A very 21st century mob prostitution ring that used ads on cable TV, Craigslist and Backpage.com to gross $7 million over three years has been busted by authorities.
Operated out of Manhattan’s Midtown, the organized crime syndicate set up a firm called Somad Enterprises to optimize internet searches and even employed an ‘information technology coordinator’ to keep their websites ranking highly online.
This morning, NYPD Commissioner Ray Kelly and New York Attorney General Eric Schneiderman announced the arrest of 17 people and described the operation as a ‘remarkable enterprise…like the mob goes to business school.’
Through the high-tech sting, the police discovered clients of the prostitution racket as coming from ‘all walks of life’, including 58-year-old David Mendelowitz, the dean of students at Scarsdale High School in Westchester, New York.
Outsourcing their Search Engine Optimisation (SEO) to the Philippines, Somad Enterprises created a ‘proprietary auto-posting system’ which allowed the crime group to target their ads for prostitutes to ensure they always came top of internet searches.
Crime bosses arranged for drivers to ferry girls, mostly from China or South Korea to clients homes where they paid for their services with check’s cash and credit cards.
Fronts created by Somad Enterprises registered the charges as being for physical therapy, business consultancy, acupuncture, antiques, party planning and other similar services.
In addition, it is claimed that the women would also provide their clients with drugs, mostly cocaine and that Mendelowitz was one of three men arrested and charged with numerous counts patronizing a prostitute, possession of a controlled substance and hindering prosecution.
‘This investigation led to the arrests of multiple individuals who were part of a criminal enterprise that made millions of dollars by profiting off the exploitation of women,’ said Schneiderman.
‘The message we are sending is clear: these crimes will not be tolerated in the state of New York.’
The 16-month long investigation targeted the sophisticated money laundering operation that Somad ran by allowing the prostitution profits to be syphoned through it.
‘All anyone has to do is open a copy of the Village Voice to get a good sense of how classified advertising and prostitution go hand in hand,’ said New York City Police Commissioner Raymond Kelly said.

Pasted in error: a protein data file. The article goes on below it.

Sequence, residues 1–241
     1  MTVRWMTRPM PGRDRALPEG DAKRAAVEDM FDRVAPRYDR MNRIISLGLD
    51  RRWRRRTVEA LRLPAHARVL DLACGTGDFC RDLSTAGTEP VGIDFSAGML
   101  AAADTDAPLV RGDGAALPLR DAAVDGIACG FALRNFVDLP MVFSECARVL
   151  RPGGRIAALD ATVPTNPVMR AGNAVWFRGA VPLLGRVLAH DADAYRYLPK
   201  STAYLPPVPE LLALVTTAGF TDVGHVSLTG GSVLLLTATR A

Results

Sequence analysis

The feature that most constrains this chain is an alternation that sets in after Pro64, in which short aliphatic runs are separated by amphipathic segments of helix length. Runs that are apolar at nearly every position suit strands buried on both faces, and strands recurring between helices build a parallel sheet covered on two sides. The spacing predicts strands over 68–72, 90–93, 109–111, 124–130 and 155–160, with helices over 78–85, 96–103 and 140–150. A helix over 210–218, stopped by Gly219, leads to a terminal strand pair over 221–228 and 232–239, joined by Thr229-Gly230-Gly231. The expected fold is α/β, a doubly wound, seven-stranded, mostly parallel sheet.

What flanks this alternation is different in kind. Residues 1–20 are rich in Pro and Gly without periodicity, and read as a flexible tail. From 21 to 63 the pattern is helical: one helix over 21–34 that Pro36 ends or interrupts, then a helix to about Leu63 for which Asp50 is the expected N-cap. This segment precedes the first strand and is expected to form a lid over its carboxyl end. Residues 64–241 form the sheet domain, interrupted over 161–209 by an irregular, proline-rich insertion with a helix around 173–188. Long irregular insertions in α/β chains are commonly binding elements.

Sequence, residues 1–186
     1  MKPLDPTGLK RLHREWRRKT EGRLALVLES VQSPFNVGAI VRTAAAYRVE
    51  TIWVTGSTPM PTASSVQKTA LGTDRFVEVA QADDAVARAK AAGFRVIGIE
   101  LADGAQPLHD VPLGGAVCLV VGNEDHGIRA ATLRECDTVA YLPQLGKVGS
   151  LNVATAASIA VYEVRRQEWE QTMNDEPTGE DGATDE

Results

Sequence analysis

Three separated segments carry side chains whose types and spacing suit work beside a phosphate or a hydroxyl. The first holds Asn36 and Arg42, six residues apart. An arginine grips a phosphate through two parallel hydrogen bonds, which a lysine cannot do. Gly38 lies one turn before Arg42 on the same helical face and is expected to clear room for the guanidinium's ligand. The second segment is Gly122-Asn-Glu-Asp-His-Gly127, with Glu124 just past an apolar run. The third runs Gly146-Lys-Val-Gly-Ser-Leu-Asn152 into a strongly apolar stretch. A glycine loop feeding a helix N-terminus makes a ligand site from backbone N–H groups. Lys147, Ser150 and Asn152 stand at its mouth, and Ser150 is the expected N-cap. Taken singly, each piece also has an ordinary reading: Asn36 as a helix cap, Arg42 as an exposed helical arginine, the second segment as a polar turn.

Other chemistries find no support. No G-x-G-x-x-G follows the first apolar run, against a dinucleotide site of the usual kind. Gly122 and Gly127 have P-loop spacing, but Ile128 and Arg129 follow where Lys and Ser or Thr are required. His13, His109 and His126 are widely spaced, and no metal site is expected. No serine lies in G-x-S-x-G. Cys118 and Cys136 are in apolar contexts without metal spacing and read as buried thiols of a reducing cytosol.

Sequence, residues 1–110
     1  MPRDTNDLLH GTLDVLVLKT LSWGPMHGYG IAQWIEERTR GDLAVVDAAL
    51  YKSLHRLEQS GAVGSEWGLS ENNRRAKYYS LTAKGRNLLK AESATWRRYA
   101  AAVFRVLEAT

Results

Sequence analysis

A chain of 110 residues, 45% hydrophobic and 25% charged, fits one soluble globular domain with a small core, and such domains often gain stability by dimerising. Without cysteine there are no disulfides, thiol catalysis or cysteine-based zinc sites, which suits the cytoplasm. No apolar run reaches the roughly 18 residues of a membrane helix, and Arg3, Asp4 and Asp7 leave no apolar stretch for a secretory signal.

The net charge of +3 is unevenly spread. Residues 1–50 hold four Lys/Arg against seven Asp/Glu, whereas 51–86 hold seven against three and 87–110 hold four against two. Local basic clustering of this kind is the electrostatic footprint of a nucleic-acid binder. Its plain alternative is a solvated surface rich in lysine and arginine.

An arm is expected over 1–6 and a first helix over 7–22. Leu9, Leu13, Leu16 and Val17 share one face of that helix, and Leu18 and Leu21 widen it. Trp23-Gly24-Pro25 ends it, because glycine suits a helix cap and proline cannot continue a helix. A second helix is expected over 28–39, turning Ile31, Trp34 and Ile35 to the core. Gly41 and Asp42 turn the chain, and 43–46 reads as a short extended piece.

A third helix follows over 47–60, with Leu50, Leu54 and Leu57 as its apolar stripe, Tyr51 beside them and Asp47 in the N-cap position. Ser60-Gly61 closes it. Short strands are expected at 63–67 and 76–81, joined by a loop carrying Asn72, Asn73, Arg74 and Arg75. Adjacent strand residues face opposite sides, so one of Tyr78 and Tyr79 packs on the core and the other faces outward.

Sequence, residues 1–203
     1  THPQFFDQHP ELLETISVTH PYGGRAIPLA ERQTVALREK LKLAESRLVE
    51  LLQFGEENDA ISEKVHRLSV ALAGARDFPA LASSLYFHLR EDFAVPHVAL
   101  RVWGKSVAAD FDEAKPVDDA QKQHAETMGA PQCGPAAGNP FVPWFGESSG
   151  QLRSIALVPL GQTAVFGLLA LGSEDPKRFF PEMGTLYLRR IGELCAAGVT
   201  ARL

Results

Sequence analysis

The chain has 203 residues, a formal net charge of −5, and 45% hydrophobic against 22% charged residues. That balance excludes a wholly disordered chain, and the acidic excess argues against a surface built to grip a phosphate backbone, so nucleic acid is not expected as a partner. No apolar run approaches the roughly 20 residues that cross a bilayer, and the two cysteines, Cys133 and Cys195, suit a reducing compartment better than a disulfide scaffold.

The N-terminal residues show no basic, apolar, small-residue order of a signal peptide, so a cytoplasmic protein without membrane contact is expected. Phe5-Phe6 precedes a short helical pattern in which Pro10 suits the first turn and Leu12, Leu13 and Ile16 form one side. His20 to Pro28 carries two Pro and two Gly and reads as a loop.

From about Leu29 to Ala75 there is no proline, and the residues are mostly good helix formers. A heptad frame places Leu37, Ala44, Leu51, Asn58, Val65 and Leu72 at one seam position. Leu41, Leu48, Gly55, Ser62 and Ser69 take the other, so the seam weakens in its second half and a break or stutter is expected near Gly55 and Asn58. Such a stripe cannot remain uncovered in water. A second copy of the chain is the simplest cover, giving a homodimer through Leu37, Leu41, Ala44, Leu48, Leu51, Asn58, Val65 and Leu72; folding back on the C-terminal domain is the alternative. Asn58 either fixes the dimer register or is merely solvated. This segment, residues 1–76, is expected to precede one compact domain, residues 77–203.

‘Our focus remains the profiteers and johns (clients) engaged in promoting prostitution, not the women exploited by them.’
Operating out of 150 West 25th Street and coordinated by Milagros Katz, 40, authorities were aware of the firm for years and according to Schniederman, ‘We urged some publications to remove the ads, but it’s sort of a running battle…They have a 1st Amendment right to publish them, and in the internet era they just spring up somewhere else.’
In a 180-count indictment, 19 people and one corporation were charged with enterprise corruption, money laundering, falsifying business records, narcotics sales and prostitution. Each faces up to 25 years in prison. In addition, three prostitution clients have been charged.
Somad operated a ‘one-stop shopping vehicle for prostitution rings,’ Schneiderman told reporters, creating advertisements for escort services and placing them on cable access television, on websites like Craigslist and Backpage.com and in newspapers like the Village Voice.
The agency also employed a webmaster based in the Philippines who was tasked with promoting the ads so they appeared more prominently in Google and other online searches.
Some of the prostitution managers offered cocaine to clients in addition to sex. To conceal their transactions, Somad and the five escort services established multiple shell corporations with false information and disguised payments for sex and drugs as charges for acupuncture, antiques or party planning, Schneiderman said.
‘This was almost like the ‘mob-goes-to-business-school’ kind of a situation,’ Schneiderman told reporters. ‘It essentially shows what you can do if you have a high level of creativity and a very low level of morality.’
Authorities said Somad kept about half the $7 million in revenue the ring earned in the past 2-1/2 years with the other half going to the escort groups that prostituted about 40 women at any given time, many from China and Korea.
In breaking up the ring, authorities rescued two women who were victims of human trafficking, one of whom was from Korea, Schneiderman said.
So far, 17 people have been arrested in connection with running the prostitution ring. In addition, police arrested three prostitution clients, including the former dean of students at well-respected Scarsdale High School, David Mendelowitz, Schneiderman said.
Mendelowitz, who served on the suburban New York school’s drug task force, was charged with patronizing a prostitute, possession of crack cocaine and hindering prosecution.
Two of the 19 people indicted remain at large, the New York Police Department said.
Calls to Somad went unanswered, and calls to Mendelowitz and his attorney were not immediately returned.